October 2007

Gallery: St Petersburg, Russia

st. petersburg gallery

St. Petersburg is a complex city. There are hard surfaces and sharp edges everywhere. Beauty and sophistication. Warm pastels. Darkness. Closed faces.

We walked around the corner to the door of our apartment and a man was lying in the gutter, his head on the curb. It was the middle of the afternoon. He was dressed well and wearing good shoes. No one was paying any attention. Should we help? There was the feeling on the street of studied indifference, of some inscrutable narrative being played out. Why? What were we missing? I stepped carefully, holding my breath, half expecting a trapdoor to open under my feet or something to explode. We stood nearby for awhile, unsure, and then decided to go inside and lay our things down. Climbing to the 5th floor, we looked out the window and he was gone. Where did he go? Had I imagined him? Like dark water, the city seemed to have pulled him under, not a ripple left behind. He stayed in my mind all evening.

Here are a few of my pictures (another gallery from a previous trip can be viewed here.)


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Link: History of Religion in 90 Seconds

How has the geography of religion evolved over the centuries, and where has it sparked wars? Our map gives us a brief history of the world’s most well-known religions: Christianity, Islam, Hinduism, Buddhism, and Judaism.

Link via Boing Boing

other people's words

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On The Mountain

I woke up in the dark yesterday morning to the sound of rain on the roof. I am still temporally misaligned. My timezones, present and past, are sliding closer, but it will be another few days before things are right. By the time the sky had started to lighten, I had been awake for a couple hours, partly from the jetlag, partly from thinking too much. Since the dog needed some exercise and I had spent plenty of time already this week in fog, we made tracks for the hills.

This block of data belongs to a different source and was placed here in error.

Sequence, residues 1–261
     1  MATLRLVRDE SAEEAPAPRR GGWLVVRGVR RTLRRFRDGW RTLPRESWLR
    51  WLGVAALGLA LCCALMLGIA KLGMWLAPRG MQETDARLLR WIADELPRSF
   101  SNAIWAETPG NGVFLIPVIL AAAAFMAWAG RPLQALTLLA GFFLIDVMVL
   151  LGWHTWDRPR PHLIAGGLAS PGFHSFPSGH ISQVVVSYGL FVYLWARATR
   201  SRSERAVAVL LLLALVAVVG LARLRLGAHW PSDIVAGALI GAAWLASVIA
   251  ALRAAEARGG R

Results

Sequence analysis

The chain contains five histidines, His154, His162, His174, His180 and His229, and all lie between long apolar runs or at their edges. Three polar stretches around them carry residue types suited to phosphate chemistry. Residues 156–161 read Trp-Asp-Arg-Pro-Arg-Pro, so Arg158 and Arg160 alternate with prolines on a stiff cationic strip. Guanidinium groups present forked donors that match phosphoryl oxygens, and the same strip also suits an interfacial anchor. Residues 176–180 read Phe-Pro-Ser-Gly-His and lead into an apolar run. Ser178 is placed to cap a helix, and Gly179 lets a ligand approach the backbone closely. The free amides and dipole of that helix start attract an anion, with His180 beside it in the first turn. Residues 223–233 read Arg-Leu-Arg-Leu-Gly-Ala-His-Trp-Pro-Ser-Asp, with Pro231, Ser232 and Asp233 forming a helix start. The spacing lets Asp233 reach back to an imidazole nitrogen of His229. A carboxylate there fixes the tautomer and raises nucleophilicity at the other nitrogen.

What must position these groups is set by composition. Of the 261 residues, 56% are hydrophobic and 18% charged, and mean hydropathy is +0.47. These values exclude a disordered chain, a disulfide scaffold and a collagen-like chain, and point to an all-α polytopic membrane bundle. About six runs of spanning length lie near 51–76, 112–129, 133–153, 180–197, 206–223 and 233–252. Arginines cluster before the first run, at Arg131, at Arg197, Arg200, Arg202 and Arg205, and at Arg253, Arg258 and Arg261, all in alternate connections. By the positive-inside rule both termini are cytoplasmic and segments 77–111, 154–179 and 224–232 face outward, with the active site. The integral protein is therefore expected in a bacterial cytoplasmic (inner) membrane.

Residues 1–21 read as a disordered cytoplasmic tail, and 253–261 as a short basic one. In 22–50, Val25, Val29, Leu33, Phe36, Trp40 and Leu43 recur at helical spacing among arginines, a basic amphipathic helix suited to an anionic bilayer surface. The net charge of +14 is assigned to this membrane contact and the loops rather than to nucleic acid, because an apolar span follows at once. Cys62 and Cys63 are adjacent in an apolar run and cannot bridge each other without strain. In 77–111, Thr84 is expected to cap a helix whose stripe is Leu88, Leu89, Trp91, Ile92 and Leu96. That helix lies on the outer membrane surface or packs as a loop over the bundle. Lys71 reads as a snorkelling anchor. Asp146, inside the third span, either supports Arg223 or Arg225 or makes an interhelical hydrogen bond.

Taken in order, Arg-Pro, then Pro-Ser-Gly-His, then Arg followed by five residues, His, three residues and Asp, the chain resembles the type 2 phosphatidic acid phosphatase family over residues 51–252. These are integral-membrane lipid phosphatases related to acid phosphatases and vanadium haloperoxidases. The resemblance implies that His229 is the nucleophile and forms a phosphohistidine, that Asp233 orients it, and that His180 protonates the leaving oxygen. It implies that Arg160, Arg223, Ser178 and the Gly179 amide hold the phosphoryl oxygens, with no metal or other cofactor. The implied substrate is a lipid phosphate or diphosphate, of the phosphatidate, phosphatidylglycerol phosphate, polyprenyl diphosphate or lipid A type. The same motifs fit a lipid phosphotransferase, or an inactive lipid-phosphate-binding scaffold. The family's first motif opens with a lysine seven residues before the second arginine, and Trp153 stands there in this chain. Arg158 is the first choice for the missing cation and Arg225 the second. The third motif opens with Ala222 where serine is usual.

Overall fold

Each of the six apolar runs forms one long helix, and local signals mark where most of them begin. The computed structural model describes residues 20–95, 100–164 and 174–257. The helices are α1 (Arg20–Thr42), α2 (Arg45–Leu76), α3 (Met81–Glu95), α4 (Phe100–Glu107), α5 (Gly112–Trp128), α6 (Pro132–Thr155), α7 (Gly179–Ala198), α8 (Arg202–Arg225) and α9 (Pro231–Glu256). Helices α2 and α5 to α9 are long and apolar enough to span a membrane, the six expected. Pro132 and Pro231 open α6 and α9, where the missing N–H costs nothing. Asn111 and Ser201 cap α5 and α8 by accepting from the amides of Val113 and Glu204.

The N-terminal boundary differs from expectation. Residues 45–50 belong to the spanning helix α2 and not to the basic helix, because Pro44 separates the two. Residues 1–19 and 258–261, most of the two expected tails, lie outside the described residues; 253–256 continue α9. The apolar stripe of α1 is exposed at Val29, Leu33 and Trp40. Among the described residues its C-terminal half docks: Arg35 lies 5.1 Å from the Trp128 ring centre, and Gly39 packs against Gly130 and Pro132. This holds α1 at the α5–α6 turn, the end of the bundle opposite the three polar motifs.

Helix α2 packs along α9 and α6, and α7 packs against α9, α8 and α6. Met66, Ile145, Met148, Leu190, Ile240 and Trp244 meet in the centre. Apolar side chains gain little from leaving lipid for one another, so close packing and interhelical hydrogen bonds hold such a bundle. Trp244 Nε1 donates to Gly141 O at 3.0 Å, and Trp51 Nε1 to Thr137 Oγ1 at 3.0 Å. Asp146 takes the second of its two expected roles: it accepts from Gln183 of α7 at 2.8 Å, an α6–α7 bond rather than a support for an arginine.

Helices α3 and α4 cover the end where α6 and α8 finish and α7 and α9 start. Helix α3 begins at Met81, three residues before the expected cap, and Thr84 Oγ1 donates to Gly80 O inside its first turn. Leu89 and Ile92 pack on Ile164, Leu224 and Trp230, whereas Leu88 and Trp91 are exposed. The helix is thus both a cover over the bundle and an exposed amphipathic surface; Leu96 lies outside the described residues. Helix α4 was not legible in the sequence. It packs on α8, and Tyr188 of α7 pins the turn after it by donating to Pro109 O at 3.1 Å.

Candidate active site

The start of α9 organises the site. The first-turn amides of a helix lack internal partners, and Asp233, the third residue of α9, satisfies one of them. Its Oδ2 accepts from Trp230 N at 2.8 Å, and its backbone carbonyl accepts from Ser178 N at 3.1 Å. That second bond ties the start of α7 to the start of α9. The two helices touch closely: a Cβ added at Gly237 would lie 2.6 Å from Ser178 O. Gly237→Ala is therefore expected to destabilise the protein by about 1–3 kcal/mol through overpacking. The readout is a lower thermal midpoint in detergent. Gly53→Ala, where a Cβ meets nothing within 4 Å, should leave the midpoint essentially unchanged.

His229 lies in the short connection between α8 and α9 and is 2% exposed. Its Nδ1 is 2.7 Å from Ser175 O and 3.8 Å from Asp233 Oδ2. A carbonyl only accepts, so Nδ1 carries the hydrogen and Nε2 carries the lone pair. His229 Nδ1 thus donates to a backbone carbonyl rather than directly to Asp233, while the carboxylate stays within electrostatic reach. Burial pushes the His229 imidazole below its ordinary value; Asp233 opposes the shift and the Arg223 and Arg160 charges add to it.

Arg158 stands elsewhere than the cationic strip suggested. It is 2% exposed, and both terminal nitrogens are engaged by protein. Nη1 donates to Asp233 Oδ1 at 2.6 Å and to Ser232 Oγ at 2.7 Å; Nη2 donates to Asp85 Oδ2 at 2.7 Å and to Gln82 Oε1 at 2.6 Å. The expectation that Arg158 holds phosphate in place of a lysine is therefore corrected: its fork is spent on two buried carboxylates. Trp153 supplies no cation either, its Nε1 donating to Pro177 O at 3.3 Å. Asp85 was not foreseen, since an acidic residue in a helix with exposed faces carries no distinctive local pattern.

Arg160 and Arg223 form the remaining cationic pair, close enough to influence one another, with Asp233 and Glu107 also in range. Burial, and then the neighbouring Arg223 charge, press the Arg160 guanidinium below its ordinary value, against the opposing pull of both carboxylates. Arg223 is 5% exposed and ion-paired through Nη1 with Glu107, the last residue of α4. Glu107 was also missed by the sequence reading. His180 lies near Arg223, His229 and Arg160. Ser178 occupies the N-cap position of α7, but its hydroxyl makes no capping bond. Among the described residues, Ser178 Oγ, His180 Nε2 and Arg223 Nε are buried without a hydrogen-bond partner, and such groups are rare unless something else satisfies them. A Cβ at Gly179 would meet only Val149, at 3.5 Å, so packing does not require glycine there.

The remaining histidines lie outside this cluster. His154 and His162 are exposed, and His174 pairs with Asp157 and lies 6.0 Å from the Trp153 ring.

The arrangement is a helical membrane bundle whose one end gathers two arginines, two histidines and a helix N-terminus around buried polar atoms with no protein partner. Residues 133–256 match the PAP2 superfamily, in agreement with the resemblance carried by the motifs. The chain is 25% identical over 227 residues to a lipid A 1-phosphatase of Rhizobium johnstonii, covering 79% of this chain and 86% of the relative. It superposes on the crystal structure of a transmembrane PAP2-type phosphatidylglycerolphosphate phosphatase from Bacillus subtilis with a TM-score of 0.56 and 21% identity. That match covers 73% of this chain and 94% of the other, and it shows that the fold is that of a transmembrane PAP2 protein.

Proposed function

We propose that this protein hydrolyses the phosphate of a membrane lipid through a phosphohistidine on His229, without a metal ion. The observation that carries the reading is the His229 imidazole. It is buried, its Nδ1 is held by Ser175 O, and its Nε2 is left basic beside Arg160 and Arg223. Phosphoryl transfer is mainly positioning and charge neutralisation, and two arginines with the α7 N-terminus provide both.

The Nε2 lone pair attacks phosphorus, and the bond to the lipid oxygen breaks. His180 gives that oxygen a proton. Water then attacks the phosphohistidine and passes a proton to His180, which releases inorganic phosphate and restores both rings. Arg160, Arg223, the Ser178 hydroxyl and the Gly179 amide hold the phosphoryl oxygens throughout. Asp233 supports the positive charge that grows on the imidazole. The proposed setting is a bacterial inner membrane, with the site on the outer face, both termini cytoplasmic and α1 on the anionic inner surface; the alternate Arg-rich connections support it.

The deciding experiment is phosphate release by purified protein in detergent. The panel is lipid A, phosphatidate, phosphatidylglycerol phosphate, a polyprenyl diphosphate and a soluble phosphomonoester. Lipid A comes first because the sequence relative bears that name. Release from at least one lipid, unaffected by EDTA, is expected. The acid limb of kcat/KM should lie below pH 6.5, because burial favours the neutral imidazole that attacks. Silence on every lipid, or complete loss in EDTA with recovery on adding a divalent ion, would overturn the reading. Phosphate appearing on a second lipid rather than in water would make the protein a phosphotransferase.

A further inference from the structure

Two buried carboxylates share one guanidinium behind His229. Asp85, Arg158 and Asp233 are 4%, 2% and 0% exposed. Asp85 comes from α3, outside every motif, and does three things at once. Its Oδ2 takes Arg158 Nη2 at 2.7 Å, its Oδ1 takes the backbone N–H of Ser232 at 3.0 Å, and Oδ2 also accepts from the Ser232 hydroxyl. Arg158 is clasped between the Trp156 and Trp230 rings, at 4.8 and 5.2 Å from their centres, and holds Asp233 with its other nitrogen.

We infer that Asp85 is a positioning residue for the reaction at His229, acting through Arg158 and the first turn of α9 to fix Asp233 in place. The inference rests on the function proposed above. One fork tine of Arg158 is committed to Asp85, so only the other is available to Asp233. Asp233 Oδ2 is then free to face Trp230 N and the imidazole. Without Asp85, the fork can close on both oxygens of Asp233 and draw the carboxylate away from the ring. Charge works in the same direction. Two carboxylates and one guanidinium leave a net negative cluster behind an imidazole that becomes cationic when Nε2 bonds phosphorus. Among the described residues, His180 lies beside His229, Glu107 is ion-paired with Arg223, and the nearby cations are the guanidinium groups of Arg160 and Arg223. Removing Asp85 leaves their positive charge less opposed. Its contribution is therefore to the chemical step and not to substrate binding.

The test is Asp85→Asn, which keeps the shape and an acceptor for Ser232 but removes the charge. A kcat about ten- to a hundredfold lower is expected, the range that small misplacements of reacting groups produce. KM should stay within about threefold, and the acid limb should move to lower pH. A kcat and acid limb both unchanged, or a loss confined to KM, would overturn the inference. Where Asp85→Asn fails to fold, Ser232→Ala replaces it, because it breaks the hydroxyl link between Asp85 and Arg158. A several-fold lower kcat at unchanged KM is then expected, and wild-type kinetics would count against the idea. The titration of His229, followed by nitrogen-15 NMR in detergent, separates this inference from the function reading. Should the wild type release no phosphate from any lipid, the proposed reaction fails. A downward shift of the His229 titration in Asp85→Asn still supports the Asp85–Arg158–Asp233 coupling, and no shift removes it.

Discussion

The rain was stopping and the clouds had started to break by the time I was on the trail. Above me on the hill was the first light of sunshine. When I reached the viewpoint, I regretted not bringing a camera (the better to see things with?). The valley was still wrapped in fog and to the east everything was misty and beautiful. The kind of morning that makes you think of prayer as a rational activity.

Being in the state I was, the only thing I could think to pray was “help, help, help”, which I think is a pretty good prayer in general. Then I stood there with my arms out and the dog running in circles around me. And at that moment the fog decided to slide up the hill and gather all around me, so that the valley below and the mountain above became vague outlines and then disappeared altogether and I was left on a small point of land surrounded by air that glowed as if it were lit by angels. Things stayed like that for a few minutes, all ablaze with crazy, golden light, until the fog slid past and the sun climbed into the clouds above and things went back to normal.

I’ve read about something like this happening before, but those people wanted to build tents and stay there. I can’t do that because I have a job, and because there are rattlesnakes. But it did make me want to stop for awhile, especially when climbing down into the valley meant going back down into the grey. So I sat there and said “thank you” out loud a couple times. Then I went down the hill.


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Gallery: Courage

Courage gallery thumbnailI just returned from a trip that included some time in St. Petersburg, Russia. I don’t write very much about the work that I’m involved with on this blog, but I wanted to share these pictures. These are some of the kids that I spent time with last month. They let me intrude in their lives in a variety of ways, one of which was to take portraits of them. Maybe it’s just me, but I like these pictures and I think they’re alright just as photographs. But there’s more to it than that.

Each of the kids in these photos has a story to tell which includes more difficulty, pain, and struggle than most of us ever will face. Each of them have been abandoned (or worse) by parents, survived the Russian orphanage system, and are working to make something better of their lives. I felt privileged to work with them. The photos in this gallery are dedicated to them and to their courage.


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Antlers and Bon Jovi

panzio.jpgSpotty internet and a tight schedule have kept me from writing here, but this morning I am compelled to use a few moments while at breakfast…

We are in Hungary now, and have been for a week, with a short jaunt into Serbia. The town is called Zalaegerszeg, which is fun to say – “zalla egg er zeg”. I’m sitting drinking a mean cup of coffee in the dining room of our panzio, which is a cross between a motel and a bed and breakfast, or in this case a hunting lodge. We’ve got antlers on the wall, Bon Jovi “Living On A Prayer” playing on the radio, and wireless internet at the breakfast table. How great is that?


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